The OpenStack Summit in Hong Kong is less than a month away now. Leading up to the Summit I was a track chair for the Apps On OpenStack track. We had many excellent proposals that we’re voted up by the community. Selecting the finalists wasn’t easy. I think we found a good mix of sessions about applications built on top of OpenStack, the tools that enable developers to build those applications effectively, and the design decisions that developers will need to consider when building apps on OpenStack.
Beyond that I’ll be spinning plates at Summit! I’ve got a schedule packed full of demos, presentations, panel moderation, and design. In summary, here’s where you can find me before and during the Summit.
Here’s everything in more detail.
The cloud has emerged as the next major platform. So where do developers turn for the toolkits that will make them productive and effective in the cloud?
For Java, the answer is jclouds.
Apache jclouds is an open source library that helps you get started in the cloud and utilizes your Java or Clojure development skills. The jclouds API gives you the freedom to use portable abstractions or cloud-specific features. It’s a multi-cloud toolkit that works with both public and private clouds, enabling hybrid cloud workloads.
There is a great community behind this toolkit working together to provide a better experience for developers in the cloud. Their goal is to simplify the control of many different clouds while still giving you the freedom to use cloud-specific features. The result is a toolkit that allows developers to write better code, in a shorter period of time, that works with supported clouds.
In this meeting, you will learn how to write Java that can control multiple clouds using interoperable code with jclouds. The agenda is as follows:
- Overview of jclouds, its terminology and its community.
- Purpose and benefits of using jclouds.
- Install jclouds for use on the command line.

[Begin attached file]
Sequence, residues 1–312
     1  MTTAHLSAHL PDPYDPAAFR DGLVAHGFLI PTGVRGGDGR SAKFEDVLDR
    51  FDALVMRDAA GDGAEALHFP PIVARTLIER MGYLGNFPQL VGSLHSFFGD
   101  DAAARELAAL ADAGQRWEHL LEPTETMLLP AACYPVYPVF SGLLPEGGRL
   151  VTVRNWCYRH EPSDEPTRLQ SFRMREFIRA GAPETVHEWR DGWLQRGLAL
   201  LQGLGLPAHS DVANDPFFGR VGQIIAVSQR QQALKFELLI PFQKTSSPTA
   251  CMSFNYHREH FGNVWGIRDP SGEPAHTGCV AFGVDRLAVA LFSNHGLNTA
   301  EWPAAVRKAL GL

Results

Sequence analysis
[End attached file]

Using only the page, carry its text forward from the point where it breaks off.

- Work through an example of using jclouds to start virtual machines in the cloud.
- Work through an example of using jclouds to store files in the cloud.
Speaker: Everett Toews
This lighthearted talk discusses the cultural divide between the OpenStack developers, system admins and business folks and urges both sides to show each other some love. I will review real use cases/situations and share lessons I’ve learned to overcome the artificial barriers so we can continue to have nice things like OpenStack.
Speakers: Joshua McKenty and Everett Toews
Here I plan on doing a lightning talk or breakout session on porting the NetflixOSS suite to OpenStack. I want to discuss:
- Why are people interested in porting NetflixOSS to OpenStack?
- What pieces have already ported.
- Who is interested in porting.
- What are the priorities.
- How to bring people together to make sure we’re working effectively.
If you are interested in NetflixOSS on OpenStack, please feel free to contact me beforehand at everett[dot]toews<at>rackspace[dot]com.
Speakers: Everett Toews and anyone else who wants to join
The OpenStack application programming interface (API) is accessible via web services. However, the application developers who are building solutions on top of OpenStack do not want to talk to that API directly. They want to talk to OpenStack in the programming language of their choice. That means using software development kits (SDK) written in a variety of programming languages. These SDKs allow the developers to be more efficient and productive when using OpenStack.